Animal studies showed that turmeric lowers cholesterol levels, especially bad cholesterol (so-called LDL cholesterol). However, two randomized trials reported that turmeric does not affect LDL cholesterol or good cholesterol (so-called HDL cholesterol). In two other trials, turmeric was found to reduce triglyceride levels in obese patients at risk of coronary heart disease and to reduce total cholesterol levels in healthy subjects. The latter study used a dose of 500 mg per day for one week. Further studies in patients with hyperlipidemia are needed to provide a clearer picture.

For athletes

Turmeric has many benefits for athletes:

  • Increased energy levels due to better digestion
  • Prevention of pain during high exertion, such as intense sports (e.g. o Overtraining).
  • A natural anti-inflammatory during recovery after intense exercise.
  • Prevention of pain caused by injuries.

This is why turmeric-based treatments are recommended for athletes.

How much turmeric should I take?

The recommended intake of turmeric is 200-300 mg of curcuminoids per day, which is about 1 teaspoon of turmeric.
This is the minimum recommended amount for athletes, especially during training and recovery days. During training days, you can increase the amount up to 600 mg per day.

How to use turmeric?

Turmeric can be used in a number of ways. Both in cooking and as a dietary supplement, turmeric can be most beneficial when used in combination with other products.

In cooking

In India, turmeric is used in everyday dishes. It is used in many recipes to prepare mild-flavored and colorful dishes. Feel free to add a spoonful of turmeric powder and pepper to your dishes.

Pepper and turmeric

It is recommended to use turmeric along with pepper (except for medicinal purposes) to get the most out of its benefits. Piperine, the active ingredient in pepper, increases the bioavailability of curcumin more than 20 times.
The recommended dose is 9 doses of turmeric per 1 serving of pepper.

Although this combination is effective, piperine promotes the absorption of heavy metals! If you are on treatment, consult your doctor before using pepper and turmeric together.

Turmeric tea

The infusion is used to relieve inflammation such as arthritis, osteoarthritis, or tendonitis.
Soak 3 grams of turmeric in 150 ml of boiling water for 10-15 minutes. Add 3 or 4 black peppercorns to your infusion. Take 3 cups of this infusion a day.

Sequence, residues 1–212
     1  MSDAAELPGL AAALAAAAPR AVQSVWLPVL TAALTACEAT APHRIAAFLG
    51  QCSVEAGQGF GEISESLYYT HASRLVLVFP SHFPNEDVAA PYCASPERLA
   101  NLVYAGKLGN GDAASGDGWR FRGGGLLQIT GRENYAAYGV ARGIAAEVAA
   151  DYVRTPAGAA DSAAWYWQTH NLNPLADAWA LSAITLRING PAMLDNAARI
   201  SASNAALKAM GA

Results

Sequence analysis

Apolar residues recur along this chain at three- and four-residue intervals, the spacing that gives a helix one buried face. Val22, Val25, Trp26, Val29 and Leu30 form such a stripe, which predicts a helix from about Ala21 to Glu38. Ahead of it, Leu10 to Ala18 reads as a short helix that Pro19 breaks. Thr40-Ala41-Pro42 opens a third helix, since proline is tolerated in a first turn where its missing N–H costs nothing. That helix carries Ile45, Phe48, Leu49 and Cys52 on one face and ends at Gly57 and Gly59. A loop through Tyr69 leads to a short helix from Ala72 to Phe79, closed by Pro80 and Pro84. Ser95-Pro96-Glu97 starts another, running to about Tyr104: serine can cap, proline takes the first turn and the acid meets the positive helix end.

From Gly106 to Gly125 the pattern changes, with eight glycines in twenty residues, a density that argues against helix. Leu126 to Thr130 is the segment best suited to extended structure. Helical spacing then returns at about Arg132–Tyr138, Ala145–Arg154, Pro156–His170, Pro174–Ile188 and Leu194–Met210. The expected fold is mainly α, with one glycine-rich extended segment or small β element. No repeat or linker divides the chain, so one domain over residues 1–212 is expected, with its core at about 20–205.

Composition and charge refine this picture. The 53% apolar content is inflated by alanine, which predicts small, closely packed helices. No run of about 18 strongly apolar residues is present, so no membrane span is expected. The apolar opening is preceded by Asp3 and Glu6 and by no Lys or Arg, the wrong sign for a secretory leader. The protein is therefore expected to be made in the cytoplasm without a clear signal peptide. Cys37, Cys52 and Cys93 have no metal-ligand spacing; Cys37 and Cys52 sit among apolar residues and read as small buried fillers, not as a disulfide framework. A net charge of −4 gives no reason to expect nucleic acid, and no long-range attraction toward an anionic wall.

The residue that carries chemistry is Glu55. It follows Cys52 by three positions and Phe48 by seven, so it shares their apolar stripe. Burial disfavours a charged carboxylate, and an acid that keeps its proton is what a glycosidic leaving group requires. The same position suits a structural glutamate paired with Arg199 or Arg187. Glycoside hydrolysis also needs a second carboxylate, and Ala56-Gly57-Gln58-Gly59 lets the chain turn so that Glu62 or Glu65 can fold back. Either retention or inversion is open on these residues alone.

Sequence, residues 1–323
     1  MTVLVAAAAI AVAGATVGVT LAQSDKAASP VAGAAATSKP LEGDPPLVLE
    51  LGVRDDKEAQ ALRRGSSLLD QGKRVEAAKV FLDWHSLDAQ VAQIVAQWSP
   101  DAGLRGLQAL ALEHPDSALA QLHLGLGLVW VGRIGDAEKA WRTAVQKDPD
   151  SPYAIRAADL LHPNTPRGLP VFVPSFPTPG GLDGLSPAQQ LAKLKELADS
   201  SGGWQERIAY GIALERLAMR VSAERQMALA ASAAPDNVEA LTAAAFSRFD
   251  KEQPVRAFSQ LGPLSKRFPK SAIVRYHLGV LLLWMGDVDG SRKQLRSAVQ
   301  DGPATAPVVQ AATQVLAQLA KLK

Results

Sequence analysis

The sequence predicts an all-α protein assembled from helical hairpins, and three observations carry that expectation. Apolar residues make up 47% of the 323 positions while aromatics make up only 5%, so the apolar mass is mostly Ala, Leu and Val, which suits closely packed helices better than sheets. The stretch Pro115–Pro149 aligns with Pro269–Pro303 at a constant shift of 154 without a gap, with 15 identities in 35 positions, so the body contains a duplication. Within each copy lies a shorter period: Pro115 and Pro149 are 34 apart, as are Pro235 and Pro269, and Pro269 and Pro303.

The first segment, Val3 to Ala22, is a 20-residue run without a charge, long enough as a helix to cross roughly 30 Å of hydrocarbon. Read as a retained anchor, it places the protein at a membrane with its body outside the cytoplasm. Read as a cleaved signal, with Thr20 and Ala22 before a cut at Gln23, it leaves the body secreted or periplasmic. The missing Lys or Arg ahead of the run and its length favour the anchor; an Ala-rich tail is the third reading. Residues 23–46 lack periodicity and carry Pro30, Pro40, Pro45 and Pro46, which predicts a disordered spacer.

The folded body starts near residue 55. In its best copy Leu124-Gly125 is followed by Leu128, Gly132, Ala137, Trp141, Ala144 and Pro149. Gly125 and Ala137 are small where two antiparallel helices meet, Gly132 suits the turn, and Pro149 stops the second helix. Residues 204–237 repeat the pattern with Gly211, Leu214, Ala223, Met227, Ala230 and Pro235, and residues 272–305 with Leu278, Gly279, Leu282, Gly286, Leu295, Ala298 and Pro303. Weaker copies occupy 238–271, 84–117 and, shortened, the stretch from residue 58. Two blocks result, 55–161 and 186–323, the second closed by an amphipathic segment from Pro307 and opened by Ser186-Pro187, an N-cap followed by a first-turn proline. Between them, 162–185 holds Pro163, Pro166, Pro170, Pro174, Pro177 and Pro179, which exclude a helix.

Golden milk

This drink is currently recognized by the WHO. It is a drink made from coconut milk and spices such as turmeric and pepper. This traditional Ayurvedic remedy has been used by Indians for thousands of years for its therapeutic benefits.

The preparation of the drink is quite simple. Dissolve 1 teaspoon of turmeric in a small amount of coconut milk. When the mixture is smooth, pour in 2 glasses of coconut milk and put it on low heat. When the mixture is hot, add 1 tablespoon of coconut oil. The preparation is complete just before the mixture boils. Add 1 pinch of pepper to your golden milk and a little honey to make it more effective.

Turmeric Syrup

If you suffer from a cough, turmeric can help relieve the pain. Simply sweeten your drink with turmeric syrup and add lemon and ginger.

Turmeric capsules

For long-term treatment, capsules are the most suitable form, especially if you don’t like the taste of turmeric. Capsules also have the advantage of being designed to be better absorbed by the body.

The standardized curcuminoid extracts in the capsules consist of about 95% curcumin, which is very effective in fighting inflammation.

To achieve anti-inflammatory effects, take 200-400 mg of curcuminoids 3 times a day. For better absorption, it is recommended to take the capsules with a meal.

Some manufacturers combine bromelain with curcumin to improve absorption. Piperine, the pungent active ingredient in pepper, also improves the absorption of curcuminoids in both animals and humans.


Curcumin’s anti-cancer effects are of great interest, but large doses are needed. The long-term effects of such doses are not known and in some cases, they may have significant adverse effects.

Although no adverse effects of curcumin or curcuminoids have been reported during pregnancy, some authors believe that pregnant women should avoid taking high doses of curcumin or curcuminoids as they are traditionally used to treat amenorrhoea (absence of menstruation).


Obstructions and gallstones. If a lesion or stone blocks the bile duct, it is important to consult a doctor before taking turmeric.

Adverse effects

None known at normal doses.


The effects of turmeric and curcumin may be complemented by the effects of other herbs or natural products with anti-inflammatory activity.

Theoretically, the effects of turmeric and curcumin may add to the effects of anti-inflammatory drugs.

Theoretically, curcumin may interact with chemotherapy and radiotherapy.


Antioxidant and anti-inflammatory properties of curcumin

Safety and anti-inflammatory activity of curcumin: a component of tumeric (Curcuma longa)

Antimicrobial activity of curcumin against Helicobacter pylori isolates from India and during infections in mice

Anticancer and carcinogenic properties of curcumin: considerations for its clinical development as a cancer chemopreventive and chemotherapeutic agent

Pharmacodynamic and pharmacokinetic study of oral Curcuma extract in patients with colorectal cancer

Consumption of the putative chemopreventive agent curcumin by cancer patients: assessment of curcumin levels in the colorectum and their pharmacodynamic consequences

Turmeric extract may improve irritable bowel syndrome symptomology in otherwise healthy adults: a pilot study